Vic Marks

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Vic Marks
Personal information
Full name
Victor James Marks
Born (1955-06-25) 25 June 1955 (age 67)
Middle Chinnock, Somerset, England
NicknameSkid, Speedy[1]
Height5 ft 9 in (1.75 m)
BattingRight-handed
BowlingRight-arm off break
RoleAll-rounder
International information
National side
Test debut (cap 499)26 August 1982 v Pakistan
Last Test19 March 1984 v Pakistan
ODI debut (cap 55)30 May 1980 v West Indies
Last ODI4 September 1988 v Sri Lanka
Domestic team information
YearsTeam
1975–1978Oxford University
1975–1989Somerset
1986-87Western Australia
Career statistics
Competition Test ODI FC LA
Matches 6 34 342 304
Runs scored 249 285 12,419 4,175
Batting average 27.66 13.57 30.29 22.56
100s/50s 0/3 0/0 5/73 0/14
Top score 83 44 134 81*
Balls bowled 1,082 1,838 63,052 13,039
Wickets 11 44 859 286
Bowling average 44.00 25.79 33.28 27.85
5 wickets in innings 0 2 40 3
10 wickets in match 0 0 5 0
Best bowling 3/78 5/20 8/17 5/20
Catches/stumpings 0/– 8/– 145/– 75/–
Source: CricInfo, 21 December 2008

Victor James Marks (born 25 June 1955)[2] is an English sports journalist and former professional cricketer.

An off spin bowler, Marks played in six Test matches and thirty four One Day Internationals for England. His entire county cricket career was spent with Somerset, spanning the period between 1975 and 1989. Marks also played for Oxford University whilst a student and had one season playing in Western Australia, winning the Sheffield Shield 1986–87.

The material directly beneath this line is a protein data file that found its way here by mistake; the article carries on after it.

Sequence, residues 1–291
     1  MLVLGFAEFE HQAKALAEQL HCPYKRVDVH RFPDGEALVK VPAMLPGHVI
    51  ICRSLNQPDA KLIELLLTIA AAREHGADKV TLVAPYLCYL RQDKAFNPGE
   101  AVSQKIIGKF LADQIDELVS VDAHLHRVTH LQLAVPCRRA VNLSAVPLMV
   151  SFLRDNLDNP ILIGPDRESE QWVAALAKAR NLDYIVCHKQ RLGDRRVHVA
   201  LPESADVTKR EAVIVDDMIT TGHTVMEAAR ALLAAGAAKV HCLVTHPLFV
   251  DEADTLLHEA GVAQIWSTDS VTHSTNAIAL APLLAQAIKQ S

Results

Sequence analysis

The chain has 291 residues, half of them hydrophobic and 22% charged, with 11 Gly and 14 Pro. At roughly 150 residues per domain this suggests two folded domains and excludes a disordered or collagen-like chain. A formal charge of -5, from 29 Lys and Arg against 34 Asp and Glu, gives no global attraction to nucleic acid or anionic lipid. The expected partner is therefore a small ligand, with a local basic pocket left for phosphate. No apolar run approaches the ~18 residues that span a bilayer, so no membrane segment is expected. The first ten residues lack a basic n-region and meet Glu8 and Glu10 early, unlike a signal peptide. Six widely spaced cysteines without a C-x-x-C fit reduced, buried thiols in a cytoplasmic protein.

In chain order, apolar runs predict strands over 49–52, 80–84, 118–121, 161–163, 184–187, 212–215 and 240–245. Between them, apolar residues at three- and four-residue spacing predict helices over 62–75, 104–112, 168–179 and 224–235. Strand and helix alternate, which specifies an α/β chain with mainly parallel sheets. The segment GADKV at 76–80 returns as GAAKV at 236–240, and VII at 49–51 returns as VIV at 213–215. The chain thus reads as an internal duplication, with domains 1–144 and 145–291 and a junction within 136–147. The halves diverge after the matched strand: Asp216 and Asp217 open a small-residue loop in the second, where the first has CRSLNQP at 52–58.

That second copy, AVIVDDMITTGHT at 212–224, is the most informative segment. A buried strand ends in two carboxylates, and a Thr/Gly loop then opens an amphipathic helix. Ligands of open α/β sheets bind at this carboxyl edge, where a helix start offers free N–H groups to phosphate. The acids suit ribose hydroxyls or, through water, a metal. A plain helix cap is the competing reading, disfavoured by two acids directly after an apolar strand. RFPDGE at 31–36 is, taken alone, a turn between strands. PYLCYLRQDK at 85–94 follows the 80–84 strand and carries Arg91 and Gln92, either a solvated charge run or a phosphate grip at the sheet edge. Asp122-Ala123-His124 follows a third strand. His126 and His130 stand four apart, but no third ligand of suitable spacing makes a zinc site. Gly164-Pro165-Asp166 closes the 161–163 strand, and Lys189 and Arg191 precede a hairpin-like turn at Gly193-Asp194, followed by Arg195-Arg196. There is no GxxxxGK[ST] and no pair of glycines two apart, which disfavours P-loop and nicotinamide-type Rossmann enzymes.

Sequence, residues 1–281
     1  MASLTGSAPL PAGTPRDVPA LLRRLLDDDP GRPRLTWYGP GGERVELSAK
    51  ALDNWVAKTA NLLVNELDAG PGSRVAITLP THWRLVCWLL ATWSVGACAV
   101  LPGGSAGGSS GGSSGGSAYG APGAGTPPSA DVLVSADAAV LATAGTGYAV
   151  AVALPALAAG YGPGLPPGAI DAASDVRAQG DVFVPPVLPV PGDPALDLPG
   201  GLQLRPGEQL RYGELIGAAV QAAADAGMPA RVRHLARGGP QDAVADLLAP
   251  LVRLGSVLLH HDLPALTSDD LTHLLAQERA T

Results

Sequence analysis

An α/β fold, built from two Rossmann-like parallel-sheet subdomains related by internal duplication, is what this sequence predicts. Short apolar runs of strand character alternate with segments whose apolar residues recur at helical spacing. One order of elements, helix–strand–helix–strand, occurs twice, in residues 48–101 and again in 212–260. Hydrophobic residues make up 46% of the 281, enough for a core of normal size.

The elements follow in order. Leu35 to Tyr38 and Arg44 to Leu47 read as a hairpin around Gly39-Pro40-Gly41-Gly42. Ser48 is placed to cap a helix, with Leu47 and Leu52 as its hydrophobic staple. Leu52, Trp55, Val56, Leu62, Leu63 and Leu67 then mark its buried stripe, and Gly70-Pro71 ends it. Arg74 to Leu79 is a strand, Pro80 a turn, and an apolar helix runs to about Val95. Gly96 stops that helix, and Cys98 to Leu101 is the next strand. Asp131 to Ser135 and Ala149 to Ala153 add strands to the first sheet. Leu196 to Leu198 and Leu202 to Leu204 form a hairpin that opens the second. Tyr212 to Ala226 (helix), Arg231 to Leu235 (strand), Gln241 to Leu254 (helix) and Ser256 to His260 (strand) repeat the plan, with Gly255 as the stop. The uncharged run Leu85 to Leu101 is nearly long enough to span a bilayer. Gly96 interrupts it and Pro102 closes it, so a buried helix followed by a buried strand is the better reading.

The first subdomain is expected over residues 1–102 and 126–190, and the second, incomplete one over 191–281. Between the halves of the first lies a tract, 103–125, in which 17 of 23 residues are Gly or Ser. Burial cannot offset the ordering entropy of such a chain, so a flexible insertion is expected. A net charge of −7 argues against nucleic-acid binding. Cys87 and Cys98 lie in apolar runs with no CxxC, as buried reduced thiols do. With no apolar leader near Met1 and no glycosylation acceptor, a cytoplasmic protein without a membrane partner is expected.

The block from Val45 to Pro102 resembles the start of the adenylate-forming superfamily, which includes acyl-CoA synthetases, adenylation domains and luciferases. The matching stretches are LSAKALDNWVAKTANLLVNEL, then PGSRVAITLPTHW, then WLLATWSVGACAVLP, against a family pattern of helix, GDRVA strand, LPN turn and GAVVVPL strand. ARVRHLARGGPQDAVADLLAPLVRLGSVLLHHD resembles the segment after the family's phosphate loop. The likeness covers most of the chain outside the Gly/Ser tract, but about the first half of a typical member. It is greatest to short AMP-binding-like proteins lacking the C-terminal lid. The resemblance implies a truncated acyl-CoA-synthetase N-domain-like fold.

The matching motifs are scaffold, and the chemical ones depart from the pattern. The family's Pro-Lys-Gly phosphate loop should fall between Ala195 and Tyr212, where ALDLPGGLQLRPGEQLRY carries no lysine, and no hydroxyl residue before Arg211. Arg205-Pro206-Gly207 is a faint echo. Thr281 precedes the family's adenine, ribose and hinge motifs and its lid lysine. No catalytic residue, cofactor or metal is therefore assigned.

After retiring as a player, Marks became a cricket journalist. He writes match reports and opinion pieces for The Guardian and The Observer newspapers, and frequently appears on BBC Radio's Test Match Special as a summariser.

Playing career[edit]

Marks was born on 25 June 1955 in Middle Chinnock, Somerset. He was educated at Blundell's School and Oxford University, for whom he played cricket between 1975 and 1978 (alongside Imran Khan and Chris Tavaré, and opposite Peter Roebuck of Cambridge University, subsequently Marks' captain at Somerset). Marks captained Oxford University in 1976 and 1977.

Marks made his first-class debut for Somerset in the 1975 County Championship. Even in a Somerset side coming into a successful period, with high-profile players, notably Viv Richards and Ian Botham, Marks at times stood out, especially in List A cricket. In 1982 he was man of the match in the final as Somerset won the Benson and Hedges Cup,[3] an achievement he repeated in 1983 as Somerset won the NatWest Bank Trophy.[4]

Marks had made his debut for the national team in 1980, in an ODI against the West Indies. His Test debut was in 1982 against Pakistan. In a series decider, Marks made two crucial interventions at tense stages, dismissing Sikander Bakht and joining Bob Taylor in the partnership that clinched victory.[5] However, the dismissal of Sikander was contested, and inadvertently helped to trigger a sequence which led to the stand off between Shakoor Rana and Mike Gatting five years later.[6]